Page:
As development and programming have become more accessible, the requirements and knowledge necessary to land a job in tech has grown exponentially. Today, programmers need to know a plethora of languages, each with a variety of frameworks, each often having their own unique ecosystem and tooling.

This is the problem that Cumulus aims to solve. We're a data-as-a-service platform intent on helping job-seekers figure out what they've got in the bag—and what they still need to know—by providing a snapshot of what the job market looks like right now. While we’re inspired by the demands of the tech industry, we envision our platform as being useful to any field or any job title.

What it does

Given a job title, the website searches in scraped job postings and displays several metrics about the job to help job hunters gain insights. These metrics include the most popular skill it demands, the most active company associated with the job title, the top majors, and job types. At the moment, data visualization is limited to featured jobs on the search page.

How we built it


The backend for Cumulus is built using node.js and express.js. Our API is read-only, meaning the frontend can GET endpoints but not POST anything. At the moment, we’re using JavaScript object and array manipulation to transform our dataset into useful insights. In the future, we hope to migrate to a noSQL service to help optimize some of this work.


The frontend was built using plain HTML, CSS, and JavaScript. Because of the limited scope of the proof of concept, we decided to forego any frameworks in favor of the speed and customization that going vanilla offered us. As a result, we’re able to deliver a smooth, fluid user experience, with custom onload and onunload hooks to make transitions feel in line with our design ethos. As our service scales up, we may consider migrating to react.js or a similar framework to make code more maintainable.

Challenges we ran into

  • We envisioned using an API to provide job postings, but most API’s do not have affordable pricing for a large amount of API calls. So we scraped job postings instead using Node.js fetch.
  • We initially planned to use Amazon Comprehend to recognize keywords in any job postings, so that the application could get meaningful data from any job posting, such as the most in-demand skills for any job title. However, it turned out to be complicated to integrate Comprehend with our app, so we decided to only provide insights about tech jobs for now and use a pre-approved list of keywords to display top skills.

Accomplishments that we're proud of

  • We are proud of our concept Cumulus, which ties together the UI and the functionality of the application. Cumulus is the latin word for accumulation, and our app is an accumulation of data points to help users find their dream jobs. It is also a classification of clouds, inspiring for the theme of clouds in our airy and innovative UI design. As the job market can be stressful, the design of Cumulus is perfect for inspiring our users with the feeling of limitless possibilities.
  • We are proud of our mission of helping our users to navigate the stressful job market and providing them with valuable insights. While there is a wealth of information on the Internet of how to learn any employable skills, there is no service like ours that tells users exactly what they in-demand skills they already have and what they need to catch up on.

What we learned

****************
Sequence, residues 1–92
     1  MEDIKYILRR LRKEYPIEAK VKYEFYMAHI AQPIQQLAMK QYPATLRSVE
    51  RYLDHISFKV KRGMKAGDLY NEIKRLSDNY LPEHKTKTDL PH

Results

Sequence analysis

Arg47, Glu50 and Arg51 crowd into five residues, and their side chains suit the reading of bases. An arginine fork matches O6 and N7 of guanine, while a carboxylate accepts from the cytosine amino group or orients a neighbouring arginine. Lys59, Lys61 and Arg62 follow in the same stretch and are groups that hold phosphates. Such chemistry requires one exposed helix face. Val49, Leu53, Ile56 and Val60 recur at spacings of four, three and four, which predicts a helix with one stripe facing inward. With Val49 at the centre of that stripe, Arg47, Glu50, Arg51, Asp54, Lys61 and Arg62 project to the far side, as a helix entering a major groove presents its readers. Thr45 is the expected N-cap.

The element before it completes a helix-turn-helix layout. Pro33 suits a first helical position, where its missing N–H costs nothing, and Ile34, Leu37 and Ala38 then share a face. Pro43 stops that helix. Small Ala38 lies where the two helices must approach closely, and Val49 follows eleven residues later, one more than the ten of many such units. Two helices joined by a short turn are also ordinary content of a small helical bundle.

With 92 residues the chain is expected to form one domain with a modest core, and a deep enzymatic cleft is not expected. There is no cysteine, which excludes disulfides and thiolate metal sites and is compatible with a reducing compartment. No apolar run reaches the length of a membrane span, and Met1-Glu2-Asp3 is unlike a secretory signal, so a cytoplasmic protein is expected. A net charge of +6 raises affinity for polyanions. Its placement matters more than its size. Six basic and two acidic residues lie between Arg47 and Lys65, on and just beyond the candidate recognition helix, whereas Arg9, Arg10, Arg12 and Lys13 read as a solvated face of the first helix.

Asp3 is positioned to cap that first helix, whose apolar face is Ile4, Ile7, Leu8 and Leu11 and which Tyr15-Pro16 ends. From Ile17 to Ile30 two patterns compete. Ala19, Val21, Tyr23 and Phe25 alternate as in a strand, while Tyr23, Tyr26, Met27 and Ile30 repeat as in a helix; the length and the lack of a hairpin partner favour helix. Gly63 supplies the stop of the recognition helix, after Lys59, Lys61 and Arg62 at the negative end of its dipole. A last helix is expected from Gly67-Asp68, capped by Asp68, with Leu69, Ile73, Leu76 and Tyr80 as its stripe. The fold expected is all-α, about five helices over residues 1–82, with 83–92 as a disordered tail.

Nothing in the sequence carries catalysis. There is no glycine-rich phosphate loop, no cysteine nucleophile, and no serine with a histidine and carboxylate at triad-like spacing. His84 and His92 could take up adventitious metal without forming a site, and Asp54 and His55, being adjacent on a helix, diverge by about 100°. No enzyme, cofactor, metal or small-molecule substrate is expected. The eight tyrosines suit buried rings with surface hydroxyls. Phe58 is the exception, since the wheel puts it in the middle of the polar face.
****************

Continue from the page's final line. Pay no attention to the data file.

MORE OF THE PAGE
• We learned to not rely on API's and do our own web scraping.
  • We learned to effectively use RegEx to find keyword matches.

What's next for Cumulus

As our service scales up, we have many ideas (both technical and otherwise) to improve Cumulus. These are described below.


As described in our technical outline, our backend needs to be migrated to proper database hosting. We envision MongoDB or some other noSQL database as being the correct choice for this application; the high scalability and JSON syntax of using these services lend themselves to the data analysis we intend to perform. In addition, integrating this backend with proper APIs would help boost both the quality and quantity of visualizations available. As of right now, our dataset is limited to tech internships in New York. With a broader scope, job seekers could gain deeper insights into the current job market.

For the frontend, we’re considering migrating to React. This won’t be difficult, but if our UI increases in complexity, it will be very much worth it. We’ll be able to quickly scale both the types of visualizations and the views that we present to the user.


Aside from the technical pursuits listed above, we also have several ideas for expanding what Cumulus can do. First, we plan to have a user authentication system. While we’re not sure how we plan to implement this, adding it will allow users to save searches and keep tabs on specific skills, companies, and other metrics. In addition, this should allow users to upload their resume, a key feature that we plan on monetizing.

This resume upload feature would allow job seekers to be notified when their skills don’t quite match up with what the market needs. This feature could be locked behind tiers: a free tier, where some percentage of the resume is monitored every so often, and a premium tier, with more comprehensive monitoring and notifications. In addition, we could also expose these resumes to employers, another market that we’re interested in.

While marketing to job seekers is at the core of our mission, the employer market can also benefit from the data we collect. While we’re not sure yet how we plan to integrate this side of the service, we know that we want to market to employers who want to get insights on their hiring and their talent. This could be a very lucrative aspect of the service, and is definitely worth exploring further.

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